‘Gratitude Bots’ Fill Red Cross Workers with Inspiration During COVID-19 Pandemic
Story by Hannah C. Wood / Red Cross Cascades Region
Gary Hirsch is a local artist who has created over 57,000 so-called “Gratitude Bots.”
As Hirsch describes, they are designed to provide energy, happiness and other positive emotions to those who receive them.
Now, during the COVID-19 pandemic, he is painting and donating 130 Gratitude Bots for Red Cross phlebotomists working in Oregon and SW Washington. Phlebotomists work on the front-lines collecting blood from donors.
Gratitude Bots carry an inspirational message to remind those who receive them that someone out there cares about them. The Cascades Red Cross Blog caught up with Gary on what inspired him to create these Bots and how he hopes people feel when they give or receive them.
What’s the idea behind the Bots?
The Bots are small (and sometimes, big) totemic, art objects programmed to help. I wake up every day thinking about how art can help and the Bots have been my vehicle for doing this in a delightful and surprising way.
I experiment with the Bots by making thousands of them painted small on the back of dominos (most recent Bot count is 57,456), and a few painted giants on the sides of buildings as murals.
When did you start making the them?
I started making Bots about 10 years ago. The Gratitude Bots came when Covid-19 hit. I wanted to do something to thank the people on the frontlines who are sacrificing so much to help us out in the world as we stay at home.
What do you hope people feel when receiving a Gratitude Bot?
I am interested in small shifts and reminders. If someone gives you a Gratitude Bot, my hope is that you will take a moment, a pause to take in that gratitude so it can be fuel for your amazing work when things get hard.
What’s the response when you see people receive them?
It’s been amazing. I got requests for over 400 Gratitude Bots in the first two weeks for folks that are working on the medical frontlines. These are being requested by people that want to thank medical frontline workers in their lives. My real hope is that people will start making their own Bots to thank those in their community that way as well. I have step-by-step instructions on my website for how to ‘Steal the idea” and make your own.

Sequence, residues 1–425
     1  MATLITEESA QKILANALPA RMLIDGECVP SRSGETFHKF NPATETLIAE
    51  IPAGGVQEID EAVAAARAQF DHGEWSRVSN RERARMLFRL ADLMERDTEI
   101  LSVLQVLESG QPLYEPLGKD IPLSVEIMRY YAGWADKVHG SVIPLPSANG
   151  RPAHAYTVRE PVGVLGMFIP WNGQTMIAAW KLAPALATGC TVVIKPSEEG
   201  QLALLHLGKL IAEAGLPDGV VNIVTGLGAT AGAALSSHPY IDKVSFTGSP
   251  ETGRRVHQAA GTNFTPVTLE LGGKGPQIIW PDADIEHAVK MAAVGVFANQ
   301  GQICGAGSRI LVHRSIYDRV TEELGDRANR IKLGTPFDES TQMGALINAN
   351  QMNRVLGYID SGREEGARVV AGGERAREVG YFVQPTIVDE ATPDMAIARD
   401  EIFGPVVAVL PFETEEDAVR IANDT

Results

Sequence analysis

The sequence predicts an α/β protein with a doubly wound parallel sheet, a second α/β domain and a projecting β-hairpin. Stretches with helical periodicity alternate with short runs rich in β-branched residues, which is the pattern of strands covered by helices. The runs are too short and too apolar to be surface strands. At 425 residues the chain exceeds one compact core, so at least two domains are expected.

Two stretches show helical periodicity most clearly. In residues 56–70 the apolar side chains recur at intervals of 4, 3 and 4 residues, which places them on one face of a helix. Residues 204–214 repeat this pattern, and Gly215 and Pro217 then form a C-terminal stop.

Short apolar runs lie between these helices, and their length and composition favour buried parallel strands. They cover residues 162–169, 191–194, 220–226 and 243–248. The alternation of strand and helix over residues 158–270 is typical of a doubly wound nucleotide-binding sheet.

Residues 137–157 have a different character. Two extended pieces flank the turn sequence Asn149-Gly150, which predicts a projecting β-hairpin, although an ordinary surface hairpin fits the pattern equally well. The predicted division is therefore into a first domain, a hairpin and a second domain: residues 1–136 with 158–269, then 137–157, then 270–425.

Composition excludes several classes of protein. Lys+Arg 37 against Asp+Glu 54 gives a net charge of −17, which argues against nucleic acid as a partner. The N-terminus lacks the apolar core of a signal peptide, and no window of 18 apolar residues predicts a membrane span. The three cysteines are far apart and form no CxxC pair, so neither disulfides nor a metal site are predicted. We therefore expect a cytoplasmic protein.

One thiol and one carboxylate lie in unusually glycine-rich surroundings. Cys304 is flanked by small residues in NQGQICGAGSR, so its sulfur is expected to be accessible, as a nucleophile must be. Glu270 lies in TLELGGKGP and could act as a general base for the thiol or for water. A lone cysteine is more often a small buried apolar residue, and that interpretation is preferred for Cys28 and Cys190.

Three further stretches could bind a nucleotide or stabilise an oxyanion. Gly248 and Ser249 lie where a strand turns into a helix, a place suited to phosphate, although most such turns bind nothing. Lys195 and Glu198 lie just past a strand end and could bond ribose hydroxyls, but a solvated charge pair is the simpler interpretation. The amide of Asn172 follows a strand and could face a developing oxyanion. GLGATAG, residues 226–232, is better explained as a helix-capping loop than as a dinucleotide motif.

What inspired you to want to share them with nonprofits and those working on the front lines during this COVID-19 outbreak?
I know that art can be a powerful tool for expressing gratitude and these little dominos seem to help in ways that are still mysterious even to me. I think they are a simple reminder that people out there care and have mountains of gratitude, even when things feel bleak and hopeless.
How are the Bots usually delivered to these special people?
Folks contact me and then I have instructions for picking them up (I put them out on the “bot fence” outside my studio). In turn, these folks give them as thanks to frontline workers that they know or know about. It becomes an artistic way to say thanks.
You’re encouraging others to create their own versions of Gratitude Bots. What motivates you to do that?
In 2013, I was making all sorts of different Bots (Joy, Listening, Inspiration, Love, Luck, Collaboration) not only for kids but for organizations like Nike, Intuit, Apple, Mercy Corp, and other groups with which I was working. I started to get more requests then I could possibly handle and I realized very quickly that I had a problem – I was a bottleneck. If I wanted others to experience the bots, I couldn’t make every one of them myself.
So in the summer of 2013, I invited the world to steal the idea of Botjoy. I made a step-by-step video that spelled out exactly how to make a domino robot, posted it on the botjoy.com website with the headline “Steal This Idea” and before I knew it, the world accepted my offer!
Where did the inspiration for Gratitude Bots come from?
When I was growing up, I had a lot of nightmares. On these nights, my Dad would sit next to me with a pen and paper and ask, “You want to draw what you’re afraid of?”. We would stay up for hours. I would draw these creatures and my Dad would help me name them. One night my Dad said, “If you can create them, then you can also make them go away”. He handed me an eraser and I started to erase the nightmares. After a while, they came less frequently.
This story still influences my art today. The Gratitude Bots are little creatures that help people feel better, like the drawings of my nightmares. I am deeply interested in how art can help.
I make all sorts of Bots – big and small – to explore this idea.
Any other projects that you’d like to mention that you’re working on?
It is coming up on mural season in Portland (when you can count on the rain to stop). I am always looking for building owners who are interested in colorful, positive street art. I donate my time on these so I usually take in requests during May, choose in early June, and then begin painting. If any readers have candidate walls, I am excited to learn more.
Thank you Gary!
To learn more about Gary Hirsch and the Bots, visit botjoy.com or @ghirschbotjoy on Instagram.